The Portland Trail Blazers take on the Utah Jazz at 7:00 p.m. this evening in a game broadcast locally on CSNNW.
Here's the biggest thing to remember about this game. The Blazers sit 3 games behind the Los Angeles Lakers for the 8th playoff seed with 11 games remaining. It's unlikely they'll make up that gap but it's possible. The biggest obstacles are the two teams sitting in between Portland and L.A.: the Dallas Mavericks and these same Utah Jazz. The Blazers play the Lakers and Mavericks at home, with rest, on April 7th and 10th. But before they do that, the Blazers must face the Jazz twice in their next three games. For any playoff aspirations to survive, the Blazers must win both of these games. The Jazz stand one-half game behind the Lakers in the seeding race. They want a sweep in the other direction.
This is the weekend where Portland's playoff dreams either persevere or crumble. This is going to be one heck of a matchup. Or it should be, anyway, if the Blazers have any juice left.
Juice is a major question, though. The Blazers have shown grit, determination, a refusal to die all season long. Just when you thought they were done, ready to sink into the conference cellar, they'd leap back to life again. But that resurrection motif has been painted with the sweat of starter minutes and injury endurance. The wear and tear is showing. LaMarcus Aldridge is questionable for this game because of an ankle injury. J.J. Hickson is ill. It seems like years since Nicolas Batum has put in a full 36 minutes of quality work. Wesley Matthews is on and off. Smart opponents key on Damian Lillard in the oft-quoted "cut off the head" strategy. Portland's bench has never been a strong point. This team has teetered on the verge of collapse for months. Now they're dangling over the cliff, hanging on by half a pinkie. Will they leap up in action-hero fashion, whupping butt in a stirring comeback rally or is this the moment when they disappear into the depths?
The Jazz aren't playing at their peak, but they're no easy out for Portland. They hold a 36-36 record, 10-27 on the road. They've won 2 straight but they're only 5-12 in their last 17 outings. Any team that fields Al Jefferson and Paul Millsap is going to cause problems for Portland's defense though. Heck, even reserve forward Derrick Favors has hulked up against Portland. (He's another player I wish the Blazers could get their hands on, by the way.)
The rest of Utah's starting lineup runs small...a three guard setup of Mo Williams, Randy Foye, and Gordon Hayward. They're an oddly-matched trio but all of them can shoot the three. (Thought they probably don't do it enough.) The Jazz bring a little size off the bench with guard Alec Burks and forward Marvin Williams. That's about as far as the rotation goes now that they're making their post-season run.
Utah runs 3/4 of the modern efficiency offense. They'll look to fast break. If that opportunity isn't there then Jefferson and Millsap can score up close. They're also proficient offensive rebounders. The missing fourth, somewhat inexplicably, is three-point production. All four of their guards shoot 37% or better from distance with Hayward and Foye topping 40%. Yet the Jazz are 28th out of 30 team in three-point attempts. Granted, none of those guards are pure catch-and-shoot guys, but you'd think they'd adjust. I also suspect that the Jazz will fire more than their average number of threes against the Blazers. The A-B-C diagram is toss the ball inside, wait for the obligatory double, and kick out for an uncontested three. Easy profit. The Blazers will either have to find a way to knock Jefferson off his horse or rotate out really quickly.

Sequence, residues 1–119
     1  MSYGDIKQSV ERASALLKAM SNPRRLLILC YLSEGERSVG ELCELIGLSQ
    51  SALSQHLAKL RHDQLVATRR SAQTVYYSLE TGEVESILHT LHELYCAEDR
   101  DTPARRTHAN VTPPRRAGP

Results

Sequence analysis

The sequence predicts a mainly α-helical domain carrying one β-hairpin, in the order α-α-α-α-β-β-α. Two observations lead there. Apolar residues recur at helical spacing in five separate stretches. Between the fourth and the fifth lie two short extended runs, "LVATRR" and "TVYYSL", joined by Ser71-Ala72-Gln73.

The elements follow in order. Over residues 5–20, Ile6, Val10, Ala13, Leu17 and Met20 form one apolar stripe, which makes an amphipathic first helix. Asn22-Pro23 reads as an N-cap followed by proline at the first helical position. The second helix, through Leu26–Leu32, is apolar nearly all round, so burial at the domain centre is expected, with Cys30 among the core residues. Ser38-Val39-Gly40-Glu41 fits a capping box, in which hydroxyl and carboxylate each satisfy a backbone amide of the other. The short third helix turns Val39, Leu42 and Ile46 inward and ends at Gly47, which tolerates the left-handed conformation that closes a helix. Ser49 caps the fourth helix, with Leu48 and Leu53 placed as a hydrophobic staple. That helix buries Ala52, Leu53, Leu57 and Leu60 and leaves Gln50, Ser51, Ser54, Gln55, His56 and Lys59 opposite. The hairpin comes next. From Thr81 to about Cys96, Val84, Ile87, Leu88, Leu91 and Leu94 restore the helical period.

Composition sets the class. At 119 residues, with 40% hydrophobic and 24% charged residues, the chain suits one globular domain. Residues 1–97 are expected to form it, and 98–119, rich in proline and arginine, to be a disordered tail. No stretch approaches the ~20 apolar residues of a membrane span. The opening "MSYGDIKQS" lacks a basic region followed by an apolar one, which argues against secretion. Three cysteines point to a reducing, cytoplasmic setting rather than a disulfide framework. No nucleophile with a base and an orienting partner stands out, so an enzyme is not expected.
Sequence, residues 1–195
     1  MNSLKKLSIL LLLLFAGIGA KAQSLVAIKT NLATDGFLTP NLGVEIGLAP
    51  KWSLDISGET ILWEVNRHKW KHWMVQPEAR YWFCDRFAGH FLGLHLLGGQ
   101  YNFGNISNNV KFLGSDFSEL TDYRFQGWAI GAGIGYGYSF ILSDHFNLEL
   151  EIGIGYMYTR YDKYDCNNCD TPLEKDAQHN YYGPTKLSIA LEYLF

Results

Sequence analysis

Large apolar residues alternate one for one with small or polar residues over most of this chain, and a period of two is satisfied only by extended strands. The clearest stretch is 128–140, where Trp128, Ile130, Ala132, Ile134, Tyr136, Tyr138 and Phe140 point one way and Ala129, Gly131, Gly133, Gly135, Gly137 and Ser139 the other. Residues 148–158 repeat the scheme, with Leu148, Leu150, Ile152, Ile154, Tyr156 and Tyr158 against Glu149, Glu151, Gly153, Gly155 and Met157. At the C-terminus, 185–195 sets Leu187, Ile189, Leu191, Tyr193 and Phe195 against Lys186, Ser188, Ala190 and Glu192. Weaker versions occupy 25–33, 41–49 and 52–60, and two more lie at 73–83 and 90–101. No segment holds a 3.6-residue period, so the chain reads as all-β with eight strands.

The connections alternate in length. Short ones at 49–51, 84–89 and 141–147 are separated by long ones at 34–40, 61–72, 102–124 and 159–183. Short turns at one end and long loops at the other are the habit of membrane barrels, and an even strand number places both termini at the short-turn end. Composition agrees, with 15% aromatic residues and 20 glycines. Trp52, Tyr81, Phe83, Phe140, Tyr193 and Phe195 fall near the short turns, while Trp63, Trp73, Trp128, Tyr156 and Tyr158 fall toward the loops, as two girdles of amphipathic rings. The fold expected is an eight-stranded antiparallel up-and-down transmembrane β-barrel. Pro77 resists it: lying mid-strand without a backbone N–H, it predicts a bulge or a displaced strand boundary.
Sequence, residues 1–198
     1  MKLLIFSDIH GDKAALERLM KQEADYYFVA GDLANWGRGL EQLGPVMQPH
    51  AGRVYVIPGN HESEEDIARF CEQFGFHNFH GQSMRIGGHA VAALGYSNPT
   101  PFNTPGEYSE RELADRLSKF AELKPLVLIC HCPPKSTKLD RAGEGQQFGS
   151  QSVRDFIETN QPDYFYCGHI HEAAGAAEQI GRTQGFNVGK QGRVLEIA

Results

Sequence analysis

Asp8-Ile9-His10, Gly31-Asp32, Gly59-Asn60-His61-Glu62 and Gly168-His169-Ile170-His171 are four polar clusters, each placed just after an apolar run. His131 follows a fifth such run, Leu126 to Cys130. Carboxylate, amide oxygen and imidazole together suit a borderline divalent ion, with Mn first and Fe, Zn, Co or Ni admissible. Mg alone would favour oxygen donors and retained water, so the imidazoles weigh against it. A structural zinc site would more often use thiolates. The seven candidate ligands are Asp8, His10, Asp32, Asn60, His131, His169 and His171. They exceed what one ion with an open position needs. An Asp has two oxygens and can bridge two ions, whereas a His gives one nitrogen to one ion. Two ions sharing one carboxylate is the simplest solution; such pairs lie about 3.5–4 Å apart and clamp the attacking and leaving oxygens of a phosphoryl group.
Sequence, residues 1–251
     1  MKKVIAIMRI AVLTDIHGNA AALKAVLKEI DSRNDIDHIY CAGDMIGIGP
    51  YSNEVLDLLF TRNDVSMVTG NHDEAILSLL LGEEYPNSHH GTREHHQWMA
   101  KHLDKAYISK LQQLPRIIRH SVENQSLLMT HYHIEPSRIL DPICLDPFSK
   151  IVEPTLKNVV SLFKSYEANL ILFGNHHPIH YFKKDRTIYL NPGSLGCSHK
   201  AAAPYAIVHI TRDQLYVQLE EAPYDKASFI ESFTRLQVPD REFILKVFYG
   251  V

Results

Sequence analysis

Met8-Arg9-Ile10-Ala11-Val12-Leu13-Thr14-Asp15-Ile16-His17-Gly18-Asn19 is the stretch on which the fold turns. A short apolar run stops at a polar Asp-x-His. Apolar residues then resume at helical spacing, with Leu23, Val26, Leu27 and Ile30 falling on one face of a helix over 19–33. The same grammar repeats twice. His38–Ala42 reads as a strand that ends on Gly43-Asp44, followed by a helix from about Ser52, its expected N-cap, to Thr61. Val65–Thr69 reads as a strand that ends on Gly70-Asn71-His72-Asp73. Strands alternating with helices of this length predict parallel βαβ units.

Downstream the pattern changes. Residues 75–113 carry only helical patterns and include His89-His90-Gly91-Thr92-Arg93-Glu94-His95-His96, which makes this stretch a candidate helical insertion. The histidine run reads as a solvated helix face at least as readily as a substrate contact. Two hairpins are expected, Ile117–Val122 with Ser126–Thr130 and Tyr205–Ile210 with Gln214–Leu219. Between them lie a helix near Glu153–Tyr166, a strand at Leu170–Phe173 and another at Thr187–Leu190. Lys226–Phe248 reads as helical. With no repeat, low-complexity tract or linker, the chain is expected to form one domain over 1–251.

Sloppy defense has kept the Jazz from fully exploiting their scoring ability. They're good shot blockers and play the passing lanes well but they're not great individual defenders and they have trouble keeping cohesive for an entire shot clock. Jefferson and Millsap are no stalwarts in the paint. Containing penetration isn't a specialty of Foye or Mo Williams. Plus the Jazz smalls are usually overmatched in size. When anybody requires help slow rotations give opponent the same kind of three-point field day that the Jazz should be inflicting on others. Plus the Jazz allow offensive rebounds.
Utah's offense and defense match up like a jigsaw puzzle. They give up the same things on defense that they exploit on offense, like a mirror or a shadow self. Their .500 record is a nifty piece of serendipity, the frosting on the point.
The problem for the Blazers is that .500 is no good here. They need 1.000, a win at home and one on the road. This goes beyond dealing with Utah's talent. They have to take the opponent out of their game in a way we haven't seen much this season. If you let the Jazz shoot 50% they're going to score 108-110. Portland's offense won't be able to keep up that pace even once, let alone twice. The Blazers will need more than hot three-point shooting to achieve their goal. They're going to have to muscle out and frustrate Jefferson and Millsap, taking the heart out of Utah's offense, leaving those guards to score on their own. How they're going to manage that is a matter of "Step 2: ????? Step 3: Profit!" The forecast gets worse if Hickson and Aldridge are ailing. Chances are the Blazers will need season-best contributions from players who have been sporadic otherwise. They'll need the Superman versions of Batum and Matthews instead of Clark Kent. Meyers Leonard is going to have to lay lumber and rebound like a pro. Joel Freeland or Eric Maynor might be called to be mysterious strangers from the shadows, saving the day unexpectedly. Better yet, the Blazers could use all of the above.
This is the time for Portland to gel and fire on all cylinders. If it doesn't happen now, it either won't happen or won't matter. Let's see what these guys have left in the tank.
SLCDunk covers the Jazz.
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